We describe the design and report on experience fielding an end-to-end framework for declarative spectrum management of frequency agile wireless communication devices. As part of the Defense Advanced Research Projects Agency NeXt Generation communication program, we developed a distributed, policy-driven system that restricts spectrum access based on spectral, temporal and geospatial context. We report on our field framework experimentation, illustrating the capability offered to wireless systems, their command & control management, and individual radios for enforcing spectrum access policies while enabling the radios to fully utilize available spectrum in comparison to traditional, static-assignment spectrum access methods.
Shared Spectrum Company (SSC) and the U.S. Department of Defense’s Defense Advanced Research Projects Agency (DARPA) demonstrated, for the first time, a six node network of Next Generation (XG) radios capable of using spectrum over a wide range of frequencies on a secondary basis. The cognitive radios making up several formations of XG networks sensed radio signals over 225-600 MHz and adapted frequencies automatically to prevent interference to existing military and civilian radio systems. The XG networks were tested on a military test range…
Dynamic Frequency Sharing provides a mean to more efficiently allocate frequency spectrum. For this to be accomplished the ambient spectrum has to be sensed and characterized. This paper presents how energy detection can be used to differentiate signals from noise for various operating environments.
This paper describes the design and implementation of a policy-based spectrum access control framework as part of the DARPA NeXt Generation communications program. The main emphasis of the framework is to overcome two types of concerns: harmful interference caused by a malfunctioning device and harmful interference caused by a malicious user. In tandem with signal-detection-based interference-avoidance algorithms employed by software-defined radios, we design a set of policy- based components, tightly integrated with the accredited kernel on the radio, for avoiding potentially harmful interference caused by a malfunctioning device….
The Potential Value Of Decentralized Trunking As Regulartory Precedent For The Introduction Of Dynamic Spectrum Access Technology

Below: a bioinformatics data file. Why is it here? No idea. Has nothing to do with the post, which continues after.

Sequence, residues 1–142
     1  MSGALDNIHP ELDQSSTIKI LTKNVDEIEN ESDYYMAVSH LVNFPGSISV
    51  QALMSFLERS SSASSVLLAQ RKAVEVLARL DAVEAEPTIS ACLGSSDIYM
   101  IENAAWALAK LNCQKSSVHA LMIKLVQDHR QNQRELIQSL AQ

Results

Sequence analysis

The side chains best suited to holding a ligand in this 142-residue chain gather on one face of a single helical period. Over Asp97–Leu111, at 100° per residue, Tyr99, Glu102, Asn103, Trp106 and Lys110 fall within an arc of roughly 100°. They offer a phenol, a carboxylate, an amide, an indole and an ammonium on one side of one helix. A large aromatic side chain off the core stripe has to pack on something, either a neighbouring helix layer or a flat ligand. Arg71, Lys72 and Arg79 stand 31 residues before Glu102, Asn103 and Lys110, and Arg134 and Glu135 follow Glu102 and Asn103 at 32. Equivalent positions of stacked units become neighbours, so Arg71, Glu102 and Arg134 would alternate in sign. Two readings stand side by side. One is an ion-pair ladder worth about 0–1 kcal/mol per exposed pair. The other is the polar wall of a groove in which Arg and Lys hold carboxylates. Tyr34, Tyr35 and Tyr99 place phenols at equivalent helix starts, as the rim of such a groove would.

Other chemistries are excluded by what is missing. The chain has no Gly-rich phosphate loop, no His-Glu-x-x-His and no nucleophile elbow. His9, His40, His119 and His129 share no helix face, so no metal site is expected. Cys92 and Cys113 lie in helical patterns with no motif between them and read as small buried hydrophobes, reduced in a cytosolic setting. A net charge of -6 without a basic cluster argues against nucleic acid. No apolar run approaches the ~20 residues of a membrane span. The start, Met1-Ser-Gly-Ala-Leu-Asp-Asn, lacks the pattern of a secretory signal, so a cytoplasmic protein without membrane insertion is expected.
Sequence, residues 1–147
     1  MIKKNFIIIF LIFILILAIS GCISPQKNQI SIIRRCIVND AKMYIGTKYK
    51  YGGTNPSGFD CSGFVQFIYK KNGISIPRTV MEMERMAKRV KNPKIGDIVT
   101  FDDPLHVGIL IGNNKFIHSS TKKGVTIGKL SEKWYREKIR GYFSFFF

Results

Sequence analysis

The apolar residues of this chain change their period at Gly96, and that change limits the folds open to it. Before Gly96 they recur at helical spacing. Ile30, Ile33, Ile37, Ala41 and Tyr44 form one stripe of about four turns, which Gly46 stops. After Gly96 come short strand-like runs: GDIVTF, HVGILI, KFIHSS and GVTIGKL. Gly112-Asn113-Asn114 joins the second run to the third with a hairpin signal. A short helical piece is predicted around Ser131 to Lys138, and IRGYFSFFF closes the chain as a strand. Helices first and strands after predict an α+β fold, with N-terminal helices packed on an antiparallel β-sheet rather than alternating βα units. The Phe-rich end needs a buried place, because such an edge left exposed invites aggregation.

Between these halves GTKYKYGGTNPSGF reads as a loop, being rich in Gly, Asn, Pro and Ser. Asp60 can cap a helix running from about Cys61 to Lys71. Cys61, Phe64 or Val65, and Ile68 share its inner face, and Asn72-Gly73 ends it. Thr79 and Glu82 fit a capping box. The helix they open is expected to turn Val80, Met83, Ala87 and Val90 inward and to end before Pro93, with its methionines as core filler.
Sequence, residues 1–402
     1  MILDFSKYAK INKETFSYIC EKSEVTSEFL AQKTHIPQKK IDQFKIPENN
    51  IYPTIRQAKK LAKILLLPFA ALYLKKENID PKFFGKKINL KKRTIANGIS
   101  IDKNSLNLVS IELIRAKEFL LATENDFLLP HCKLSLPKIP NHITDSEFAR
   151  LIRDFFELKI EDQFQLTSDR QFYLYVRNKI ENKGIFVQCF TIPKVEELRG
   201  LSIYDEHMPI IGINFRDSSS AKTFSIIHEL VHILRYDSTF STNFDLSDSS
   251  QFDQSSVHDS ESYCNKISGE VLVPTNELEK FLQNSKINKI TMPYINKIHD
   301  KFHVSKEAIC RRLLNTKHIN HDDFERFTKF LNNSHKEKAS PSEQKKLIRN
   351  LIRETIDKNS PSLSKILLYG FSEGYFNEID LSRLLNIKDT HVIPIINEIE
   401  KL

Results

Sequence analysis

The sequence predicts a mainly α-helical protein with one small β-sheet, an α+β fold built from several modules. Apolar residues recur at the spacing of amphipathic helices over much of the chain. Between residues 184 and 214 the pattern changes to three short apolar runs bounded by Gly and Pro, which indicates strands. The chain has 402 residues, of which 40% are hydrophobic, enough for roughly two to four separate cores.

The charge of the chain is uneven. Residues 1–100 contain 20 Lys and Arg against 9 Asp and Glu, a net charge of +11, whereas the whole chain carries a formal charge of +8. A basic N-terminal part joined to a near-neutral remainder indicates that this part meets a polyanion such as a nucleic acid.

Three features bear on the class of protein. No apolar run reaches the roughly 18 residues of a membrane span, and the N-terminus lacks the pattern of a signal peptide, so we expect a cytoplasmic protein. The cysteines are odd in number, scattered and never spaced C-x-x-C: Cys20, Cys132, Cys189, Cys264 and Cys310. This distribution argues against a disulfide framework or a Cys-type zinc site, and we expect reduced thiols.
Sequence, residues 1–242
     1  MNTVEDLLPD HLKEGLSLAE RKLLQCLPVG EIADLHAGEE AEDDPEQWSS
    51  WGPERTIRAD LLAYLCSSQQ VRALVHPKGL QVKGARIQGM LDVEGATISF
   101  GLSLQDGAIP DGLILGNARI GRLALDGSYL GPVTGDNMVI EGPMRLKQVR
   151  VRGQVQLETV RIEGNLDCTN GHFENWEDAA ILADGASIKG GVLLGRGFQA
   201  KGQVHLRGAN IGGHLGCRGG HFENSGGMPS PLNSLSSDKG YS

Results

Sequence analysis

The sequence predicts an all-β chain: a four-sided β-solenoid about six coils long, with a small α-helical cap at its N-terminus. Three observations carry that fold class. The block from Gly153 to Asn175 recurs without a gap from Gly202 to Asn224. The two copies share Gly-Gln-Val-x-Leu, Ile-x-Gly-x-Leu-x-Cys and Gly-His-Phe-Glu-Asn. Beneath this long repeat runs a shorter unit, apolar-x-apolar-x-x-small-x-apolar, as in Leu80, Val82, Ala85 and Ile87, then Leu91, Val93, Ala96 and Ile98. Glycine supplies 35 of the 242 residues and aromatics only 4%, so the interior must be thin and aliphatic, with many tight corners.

One important way of obtaining the necessary regulatory permissions for Dynamic Spectrum Access (“DSA”) technologies from domestic government agencies and the international spectrum management community is to demonstrate that there are policy and legal precedents for their introduction. A recent precedent centers on efforts in the U.S. to allow Unlicensed National Information Infrastructure devices to operate in the 5.25- 5.35 GHz and 5.47-5.725 GHz bands without causing interference to existing radio frequency operations (government radars) through the use of Dynamic Frequency Selection (“DFS”) and Transmit Power Control (“TPC”). Another, slightly older precedent is the U.S. Federal Communications Commission’s policies and rules that permit the utilization of “decentralized trunking” in the VHF and UHF Private Land Mobile Radio (“PLMR”) service bands. Under these rules, adequate “monitoring” (a.k.a., “listen-before-talk” or “LBT”) is required in order to share spectrum under a decentralized trunking approach. This paper analyzes the potential value of this older precedent in advocating for broader regulatory acquiescence and near-term deployment of DSA technology.
Burgeoning demands for communications bandwidth stress the abilities of military and civil spectrum managers to provide needed access to spectrum resources while taking appropriate measures to avoid causing harmful interference to legacy users. Empirical analysis shows that radio frequency (RF) bandwidth is often available: measurement data indicate that while most channels are used at some times, most channels remain unused at any given time. Going forward, so- called “smart radio” technologies will be able to exploit these holes in the RF spectrum and will play a crucial role in achieving the core objectives of efficient spectrum management. The United States Defense Advanced Research Projects Agency’s (“DARPA”) NeXt Generation Communications Program (“XG”) is on the vanguard of smart radio innovations. In particular, XG technology uses automated intelligence at a system’s edges in order to navigate real-time fluctuations in spectral conditions that cannot be precisely predicted in advance. This dynamism will enable opportunistic use of intermittently available spectrum.